The case for and against direct update of TM's by translators is an interesting article at the Localization Best Practices blog.
Noting that all translation service providers are looking to reduce any and all costs that they possibly can, the post wonders whether the practice of multiple translators simultaneously working off of a central translation memory ("TM") is compatible with the blog's assertion of an industry best practice of refraining "from TM update until after linguistic QA, and if possible until after client review".
In a related discussion on LinkedIn, two main themes emerged:
- More and more, the old TEP (i.e., translate, edit, proofread) model is looking tired and outdated. In the age of turnaround time pressures and crowdsourcing translations, new approaches are needed.
- The type and format of the content being translated has a huge impact on the feasibility of this approach.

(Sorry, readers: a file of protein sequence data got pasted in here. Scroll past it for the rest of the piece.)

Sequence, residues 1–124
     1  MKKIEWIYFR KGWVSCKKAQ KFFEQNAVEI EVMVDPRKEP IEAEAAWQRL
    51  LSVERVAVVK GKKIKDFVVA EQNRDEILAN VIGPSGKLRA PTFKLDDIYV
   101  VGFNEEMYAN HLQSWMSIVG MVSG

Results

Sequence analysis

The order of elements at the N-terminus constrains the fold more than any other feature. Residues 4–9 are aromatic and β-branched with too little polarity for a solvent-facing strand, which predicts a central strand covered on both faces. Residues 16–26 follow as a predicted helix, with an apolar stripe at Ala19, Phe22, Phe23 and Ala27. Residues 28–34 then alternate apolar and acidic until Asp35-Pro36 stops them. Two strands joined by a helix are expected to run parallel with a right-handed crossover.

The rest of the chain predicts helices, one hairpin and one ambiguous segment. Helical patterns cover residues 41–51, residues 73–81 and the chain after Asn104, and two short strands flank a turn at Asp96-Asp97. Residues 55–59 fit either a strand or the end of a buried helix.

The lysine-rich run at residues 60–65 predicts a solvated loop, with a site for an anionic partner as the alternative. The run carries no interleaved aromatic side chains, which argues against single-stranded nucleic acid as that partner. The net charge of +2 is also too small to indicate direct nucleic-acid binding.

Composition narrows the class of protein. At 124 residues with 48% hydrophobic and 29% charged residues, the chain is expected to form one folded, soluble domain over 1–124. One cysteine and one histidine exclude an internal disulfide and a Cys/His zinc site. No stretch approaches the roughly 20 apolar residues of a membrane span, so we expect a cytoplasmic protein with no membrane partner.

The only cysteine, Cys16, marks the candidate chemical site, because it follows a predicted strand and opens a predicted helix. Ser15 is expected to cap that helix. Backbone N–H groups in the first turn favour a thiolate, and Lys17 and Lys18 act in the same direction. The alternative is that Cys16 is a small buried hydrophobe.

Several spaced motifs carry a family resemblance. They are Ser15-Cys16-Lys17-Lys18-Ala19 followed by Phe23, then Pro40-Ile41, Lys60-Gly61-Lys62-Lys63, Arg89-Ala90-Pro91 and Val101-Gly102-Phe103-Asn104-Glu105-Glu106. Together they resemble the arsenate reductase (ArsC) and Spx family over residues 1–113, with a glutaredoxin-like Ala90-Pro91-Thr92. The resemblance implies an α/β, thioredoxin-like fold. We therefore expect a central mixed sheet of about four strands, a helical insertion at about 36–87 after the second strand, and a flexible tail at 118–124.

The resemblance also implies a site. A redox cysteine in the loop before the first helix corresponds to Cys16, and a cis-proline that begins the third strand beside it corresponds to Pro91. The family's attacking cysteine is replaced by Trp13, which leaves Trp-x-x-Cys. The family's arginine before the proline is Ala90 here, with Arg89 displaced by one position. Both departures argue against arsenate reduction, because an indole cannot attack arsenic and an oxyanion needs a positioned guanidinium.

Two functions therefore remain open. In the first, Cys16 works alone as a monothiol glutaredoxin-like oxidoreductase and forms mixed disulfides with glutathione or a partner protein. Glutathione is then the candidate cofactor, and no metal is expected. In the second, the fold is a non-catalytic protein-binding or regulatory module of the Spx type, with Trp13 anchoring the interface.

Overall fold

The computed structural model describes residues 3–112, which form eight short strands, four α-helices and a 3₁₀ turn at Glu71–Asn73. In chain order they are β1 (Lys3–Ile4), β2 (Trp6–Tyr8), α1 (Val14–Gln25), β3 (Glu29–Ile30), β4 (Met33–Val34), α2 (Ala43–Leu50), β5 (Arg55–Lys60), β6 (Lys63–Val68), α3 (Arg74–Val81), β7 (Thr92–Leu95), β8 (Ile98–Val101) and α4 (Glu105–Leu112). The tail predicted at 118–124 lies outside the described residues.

The good news is that an organization doesn't have to spend that kind of money. Simple process changes can achieve 80% of the same results, with minimal costs. At ForeignExchange, we utilize our "incremental leveraging" and "repetitions file" processes to achieve nearly all of the same benefits of a central TM.
And, going back to the article at Localization Best Practices, we have successfully managed dozens of translators working in parallel, all using one TM, with excellent quality and no central TM.
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Categories: translation memory